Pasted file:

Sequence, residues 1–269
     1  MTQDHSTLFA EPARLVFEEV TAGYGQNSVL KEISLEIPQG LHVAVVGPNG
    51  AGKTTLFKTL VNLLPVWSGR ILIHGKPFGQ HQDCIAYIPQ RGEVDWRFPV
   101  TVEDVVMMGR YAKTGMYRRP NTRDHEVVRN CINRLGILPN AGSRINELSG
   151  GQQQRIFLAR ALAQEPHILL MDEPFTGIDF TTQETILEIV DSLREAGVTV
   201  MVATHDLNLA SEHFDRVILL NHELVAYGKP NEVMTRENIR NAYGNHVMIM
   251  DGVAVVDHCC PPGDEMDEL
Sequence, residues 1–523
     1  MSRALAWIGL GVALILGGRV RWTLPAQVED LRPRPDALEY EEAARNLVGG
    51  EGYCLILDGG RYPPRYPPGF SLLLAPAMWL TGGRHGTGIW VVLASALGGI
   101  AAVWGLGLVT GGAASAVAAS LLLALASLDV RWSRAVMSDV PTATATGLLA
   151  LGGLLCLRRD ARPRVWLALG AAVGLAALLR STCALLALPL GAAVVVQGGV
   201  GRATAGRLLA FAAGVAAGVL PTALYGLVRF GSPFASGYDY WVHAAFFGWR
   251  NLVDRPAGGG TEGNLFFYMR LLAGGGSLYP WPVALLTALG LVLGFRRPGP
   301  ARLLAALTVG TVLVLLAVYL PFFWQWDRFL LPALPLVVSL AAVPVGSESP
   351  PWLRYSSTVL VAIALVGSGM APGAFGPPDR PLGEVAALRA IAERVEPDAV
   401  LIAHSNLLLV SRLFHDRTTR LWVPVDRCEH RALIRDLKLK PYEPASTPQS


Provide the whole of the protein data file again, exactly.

Sequence, residues 1–269
     1  MTQDHSTLFA EPARLVFEEV TAGYGQNSVL KEISLEIPQG LHVAVVGPNG
    51  AGKTTLFKTL VNLLPVWSGR ILIHGKPFGQ HQDCIAYIPQ RGEVDWRFPV
   101  TVEDVVMMGR YAKTGMYRRP NTRDHEVVRN CINRLGILPN AGSRINELSG
   151  GQQQRIFLAR ALAQEPHILL MDEPFTGIDF TTQETILEIV DSLREAGVTV
   201  MVATHDLNLA SEHFDRVILL NHELVAYGKP NEVMTRENIR NAYGNHVMIM
   251  DGVAVVDHCC PPGDEMDEL
Sequence, residues 1–523
     1  MSRALAWIGL GVALILGGRV RWTLPAQVED LRPRPDALEY EEAARNLVGG
    51  EGYCLILDGG RYPPRYPPGF SLLLAPAMWL TGGRHGTGIW VVLASALGGI
   101  AAVWGLGLVT GGAASAVAAS LLLALASLDV RWSRAVMSDV PTATATGLLA
   151  LGGLLCLRRD ARPRVWLALG AAVGLAALLR STCALLALPL GAAVVVQGGV
   201  GRATAGRLLA FAAGVAAGVL PTALYGLVRF GSPFASGYDY WVHAAFFGWR
   251  NLVDRPAGGG TEGNLFFYMR LLAGGGSLYP WPVALLTALG LVLGFRRPGP
   301  ARLLAALTVG TVLVLLAVYL PFFWQWDRFL LPALPLVVSL AAVPVGSESP
   351  PWLRYSSTVL VAIALVGSGM APGAFGPPDR PLGEVAALRA IAERVEPDAV
   401  LIAHSNLLLV SRLFHDRTTR LWVPVDRCEH RALIRDLKLK PYEPASTPQS